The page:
Know When to Call a Ghostwriter

“Writing is the toughest thing I’ve ever done.”
—Richard M. Nixon, 37th president of the United States.

You do not have to be a writer to be an author.

According to a recent New York Times article, “On any given week, up to a half of the books on any non-fiction best-seller list are written by someone other than the name on the book.”

The reason is simple: being an expert, an eyewitness, or a celebrity does not necessarily mean that one is also a skilled writer/communicator. Enter the ghostwriter.

Ghosts typically work for four kinds of clients. One is the expert, who writes to preserve and share his or her knowledge. Another has an extraordinary first-person experience to relate. The third is a celebrity or aspiring celebrity, who wants a book to memorialize or launch a career. The fourth has a fictional story to tell, but not the necessary storytelling skills.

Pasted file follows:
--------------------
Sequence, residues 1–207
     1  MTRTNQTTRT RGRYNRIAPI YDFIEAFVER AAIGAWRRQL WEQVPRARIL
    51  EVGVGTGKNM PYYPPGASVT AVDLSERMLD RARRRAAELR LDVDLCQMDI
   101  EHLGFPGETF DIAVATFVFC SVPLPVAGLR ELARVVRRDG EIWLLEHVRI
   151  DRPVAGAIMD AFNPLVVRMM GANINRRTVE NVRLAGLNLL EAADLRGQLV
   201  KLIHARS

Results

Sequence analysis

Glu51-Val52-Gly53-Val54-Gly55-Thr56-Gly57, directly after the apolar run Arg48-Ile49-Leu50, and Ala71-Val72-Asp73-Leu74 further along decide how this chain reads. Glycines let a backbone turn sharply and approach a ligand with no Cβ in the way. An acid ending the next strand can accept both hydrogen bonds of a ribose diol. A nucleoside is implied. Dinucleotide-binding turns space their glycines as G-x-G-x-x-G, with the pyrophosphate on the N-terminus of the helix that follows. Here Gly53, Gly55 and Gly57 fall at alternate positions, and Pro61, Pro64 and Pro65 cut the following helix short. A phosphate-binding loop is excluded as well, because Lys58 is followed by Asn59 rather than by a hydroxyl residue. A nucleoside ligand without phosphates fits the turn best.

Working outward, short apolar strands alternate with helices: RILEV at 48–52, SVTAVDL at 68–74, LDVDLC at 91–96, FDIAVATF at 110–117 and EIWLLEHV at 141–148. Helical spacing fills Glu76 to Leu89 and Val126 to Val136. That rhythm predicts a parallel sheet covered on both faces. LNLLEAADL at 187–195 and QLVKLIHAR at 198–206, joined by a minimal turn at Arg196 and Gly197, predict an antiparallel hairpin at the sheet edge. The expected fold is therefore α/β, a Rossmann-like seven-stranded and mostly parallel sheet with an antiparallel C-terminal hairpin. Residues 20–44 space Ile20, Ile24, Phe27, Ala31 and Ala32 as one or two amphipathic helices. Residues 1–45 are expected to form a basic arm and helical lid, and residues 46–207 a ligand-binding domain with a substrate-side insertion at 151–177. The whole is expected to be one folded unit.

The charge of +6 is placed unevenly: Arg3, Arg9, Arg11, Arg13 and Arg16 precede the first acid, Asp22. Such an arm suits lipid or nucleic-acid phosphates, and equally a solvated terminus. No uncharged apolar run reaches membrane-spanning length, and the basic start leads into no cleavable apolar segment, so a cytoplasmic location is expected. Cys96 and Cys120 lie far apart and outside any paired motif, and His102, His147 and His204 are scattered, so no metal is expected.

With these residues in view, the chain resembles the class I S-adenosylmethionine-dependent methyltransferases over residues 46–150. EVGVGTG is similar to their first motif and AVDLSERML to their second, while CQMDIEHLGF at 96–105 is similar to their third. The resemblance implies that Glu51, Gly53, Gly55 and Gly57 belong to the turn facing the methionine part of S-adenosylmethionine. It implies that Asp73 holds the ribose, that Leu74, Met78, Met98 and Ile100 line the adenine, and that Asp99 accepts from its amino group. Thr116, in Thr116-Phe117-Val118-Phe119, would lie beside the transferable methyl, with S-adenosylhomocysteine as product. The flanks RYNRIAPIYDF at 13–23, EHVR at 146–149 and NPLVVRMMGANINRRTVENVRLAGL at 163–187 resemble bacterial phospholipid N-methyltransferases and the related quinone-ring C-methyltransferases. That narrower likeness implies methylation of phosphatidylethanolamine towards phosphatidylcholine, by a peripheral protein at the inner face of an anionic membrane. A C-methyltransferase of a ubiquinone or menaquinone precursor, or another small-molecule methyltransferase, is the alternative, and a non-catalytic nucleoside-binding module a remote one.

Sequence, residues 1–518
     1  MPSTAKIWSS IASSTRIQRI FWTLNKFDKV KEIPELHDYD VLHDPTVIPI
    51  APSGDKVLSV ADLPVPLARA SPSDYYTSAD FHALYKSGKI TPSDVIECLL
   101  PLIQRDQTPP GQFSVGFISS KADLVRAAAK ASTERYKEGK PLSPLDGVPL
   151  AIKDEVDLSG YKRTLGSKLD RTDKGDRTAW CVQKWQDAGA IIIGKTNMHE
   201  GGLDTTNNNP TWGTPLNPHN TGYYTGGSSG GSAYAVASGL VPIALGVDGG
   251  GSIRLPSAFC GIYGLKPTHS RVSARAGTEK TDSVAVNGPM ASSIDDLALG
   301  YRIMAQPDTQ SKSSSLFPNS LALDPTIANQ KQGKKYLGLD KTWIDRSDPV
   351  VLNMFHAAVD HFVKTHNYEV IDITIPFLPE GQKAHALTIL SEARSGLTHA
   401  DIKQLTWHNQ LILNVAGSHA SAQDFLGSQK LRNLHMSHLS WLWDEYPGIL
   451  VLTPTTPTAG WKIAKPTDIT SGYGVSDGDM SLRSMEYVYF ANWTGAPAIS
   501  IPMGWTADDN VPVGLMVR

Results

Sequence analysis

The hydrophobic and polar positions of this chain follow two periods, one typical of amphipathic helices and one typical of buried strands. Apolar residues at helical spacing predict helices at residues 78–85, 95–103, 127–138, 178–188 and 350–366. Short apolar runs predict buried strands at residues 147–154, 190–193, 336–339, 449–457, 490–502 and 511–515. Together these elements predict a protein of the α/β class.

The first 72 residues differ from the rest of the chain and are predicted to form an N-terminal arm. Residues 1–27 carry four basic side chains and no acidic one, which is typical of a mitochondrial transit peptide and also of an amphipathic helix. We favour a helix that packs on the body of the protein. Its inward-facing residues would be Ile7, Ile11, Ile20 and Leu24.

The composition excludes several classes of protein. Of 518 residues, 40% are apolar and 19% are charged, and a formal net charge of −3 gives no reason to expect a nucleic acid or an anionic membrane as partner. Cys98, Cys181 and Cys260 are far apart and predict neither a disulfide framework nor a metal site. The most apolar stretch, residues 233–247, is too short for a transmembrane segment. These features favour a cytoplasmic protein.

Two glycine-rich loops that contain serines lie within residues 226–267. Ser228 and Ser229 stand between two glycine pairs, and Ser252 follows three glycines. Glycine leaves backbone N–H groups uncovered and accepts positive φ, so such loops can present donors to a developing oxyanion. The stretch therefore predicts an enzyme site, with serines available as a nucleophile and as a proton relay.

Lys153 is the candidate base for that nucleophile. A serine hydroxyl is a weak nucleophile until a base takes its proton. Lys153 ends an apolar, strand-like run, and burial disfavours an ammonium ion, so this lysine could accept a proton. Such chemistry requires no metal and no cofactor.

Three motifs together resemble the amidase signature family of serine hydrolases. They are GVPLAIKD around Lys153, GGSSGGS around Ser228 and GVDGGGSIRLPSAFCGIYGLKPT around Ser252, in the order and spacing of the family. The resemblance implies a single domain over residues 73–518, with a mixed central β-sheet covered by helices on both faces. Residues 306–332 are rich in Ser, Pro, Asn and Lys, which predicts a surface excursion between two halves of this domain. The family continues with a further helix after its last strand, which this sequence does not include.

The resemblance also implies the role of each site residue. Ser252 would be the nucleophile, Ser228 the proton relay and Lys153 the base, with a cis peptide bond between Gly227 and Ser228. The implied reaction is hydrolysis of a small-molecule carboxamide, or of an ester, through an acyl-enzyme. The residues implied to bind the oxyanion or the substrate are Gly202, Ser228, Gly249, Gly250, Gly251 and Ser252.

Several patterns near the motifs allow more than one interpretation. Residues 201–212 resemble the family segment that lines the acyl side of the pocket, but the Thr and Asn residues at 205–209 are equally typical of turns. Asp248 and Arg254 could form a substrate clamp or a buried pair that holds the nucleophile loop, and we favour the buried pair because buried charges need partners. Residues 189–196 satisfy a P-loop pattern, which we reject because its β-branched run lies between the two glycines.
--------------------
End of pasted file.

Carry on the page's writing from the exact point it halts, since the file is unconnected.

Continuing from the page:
You don’t think Lee Iacocca wrote those two best-selling books all by himself? Iacocca is the author; it is his information, but he does not have time to be a writer.

The ghostwriter fills in for any skill or knowledge that the author lacks. In return for their expertise, ghosts are typically paid a cash fee plus a percentage of the author’s royalties. In return, the ghost takes a vow of perpetual silence.

If you are not a fully-skilled writer, but have expert knowledge or an extraordinary experience to share, or seek to launch or enhance your image, that’s when you should call a ghostwriter.

Dan Poynter, the Voice of Self-Publishing, has written more than 100 books since 1969 including Writing Nonfiction and The Self-Publishing Manual. Dan is a past vice-president of the Publishers Marketing Association. For more help on book publishing and promoting, see